Yes, it’s not an original line. But like it or not, winter IS coming (don’t you hate it when people in non-wintry places say that these days, and you know they don’t ACTUALLY know what that means?), and after 3 years here, I am finally realising that I should prepare for it rather than react to it.
The cold is what everyone warned me about when I got here, and my cousin sent me packages of warm clothes and socks and jackets all the way from Seattle. Yeah, the cold IS a pain, especially if it touches polar vortex levels (who would have thought ‘polar vortex’ would be words you just throw around) but that hasn’t been too much of a problem: honestly, if you are a grad student, you don’t have too much time to worry about the cold itself.
What got to me, instead, was the lack of sunlight. Winter in Ann Arbor is very dark: the sun is barely out, and everything is a lot more grey. Seasonal-affective-disorder really is a thing. Your body gets too little Vitamin D and boom, suddenly you are sleeping more, being more listless and less effective.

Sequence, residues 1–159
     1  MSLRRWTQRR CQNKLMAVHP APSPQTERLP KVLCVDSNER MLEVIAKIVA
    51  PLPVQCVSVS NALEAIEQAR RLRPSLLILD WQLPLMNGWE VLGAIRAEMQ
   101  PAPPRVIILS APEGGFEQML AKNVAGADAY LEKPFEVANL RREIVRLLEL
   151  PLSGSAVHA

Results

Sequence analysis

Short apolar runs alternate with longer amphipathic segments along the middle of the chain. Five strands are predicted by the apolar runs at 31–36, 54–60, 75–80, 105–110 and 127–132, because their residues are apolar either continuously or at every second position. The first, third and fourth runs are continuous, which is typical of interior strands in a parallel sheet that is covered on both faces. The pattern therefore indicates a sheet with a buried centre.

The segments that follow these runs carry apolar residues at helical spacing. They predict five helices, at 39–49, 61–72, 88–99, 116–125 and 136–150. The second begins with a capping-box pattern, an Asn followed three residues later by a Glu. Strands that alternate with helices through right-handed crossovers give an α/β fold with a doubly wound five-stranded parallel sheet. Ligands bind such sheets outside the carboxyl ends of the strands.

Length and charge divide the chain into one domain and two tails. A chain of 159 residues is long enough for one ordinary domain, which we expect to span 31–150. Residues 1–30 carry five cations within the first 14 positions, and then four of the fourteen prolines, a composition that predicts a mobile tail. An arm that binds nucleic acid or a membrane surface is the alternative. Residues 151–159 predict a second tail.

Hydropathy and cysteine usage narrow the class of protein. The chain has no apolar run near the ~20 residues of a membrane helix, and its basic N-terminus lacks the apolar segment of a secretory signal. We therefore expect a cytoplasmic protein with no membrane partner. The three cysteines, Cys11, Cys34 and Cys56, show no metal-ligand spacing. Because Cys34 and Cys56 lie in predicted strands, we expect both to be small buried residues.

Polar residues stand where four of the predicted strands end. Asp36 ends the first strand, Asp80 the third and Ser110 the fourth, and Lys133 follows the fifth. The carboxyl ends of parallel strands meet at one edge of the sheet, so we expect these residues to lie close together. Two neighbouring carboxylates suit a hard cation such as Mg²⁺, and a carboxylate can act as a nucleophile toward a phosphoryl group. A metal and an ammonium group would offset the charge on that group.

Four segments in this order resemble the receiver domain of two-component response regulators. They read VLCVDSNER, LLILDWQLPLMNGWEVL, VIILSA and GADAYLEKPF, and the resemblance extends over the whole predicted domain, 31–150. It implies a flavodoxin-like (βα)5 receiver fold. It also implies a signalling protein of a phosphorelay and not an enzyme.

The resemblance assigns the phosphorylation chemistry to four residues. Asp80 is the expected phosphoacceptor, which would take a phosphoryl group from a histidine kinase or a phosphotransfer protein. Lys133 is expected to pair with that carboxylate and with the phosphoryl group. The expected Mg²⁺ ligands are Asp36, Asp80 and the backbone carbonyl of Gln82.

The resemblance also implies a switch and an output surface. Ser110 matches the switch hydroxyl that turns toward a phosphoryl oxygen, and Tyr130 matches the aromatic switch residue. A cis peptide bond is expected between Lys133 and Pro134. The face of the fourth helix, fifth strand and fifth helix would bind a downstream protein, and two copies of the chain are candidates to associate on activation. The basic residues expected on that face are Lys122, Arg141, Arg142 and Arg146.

It took me a while to realise how SAD affects me, because there are ALWAYS things in grad school that could cause any of these. I first thought it was the homesickness, then the post-prelim slump, and finally connected the dots to realise it was seasonal. Vitamin-D supplements and hourly sessions involving bemusedly sitting by a sun-lamp later, there was a reversal.
What struck me about this whole episode was how long it took me to attribute a very seasonal change to…seasons. School can take up so much of our lives that everything seems tied in to it (yes, I call myself a researcher.) If there’s one thing Ann Arbor winters have taught me, it’s that this is not true.
So this semester, I am watching out for the short days, and as soon as the sun starts its hide-and-seek, whip out my sun-lamp armor to keep things bright and shiny.
Me and my sun lamp.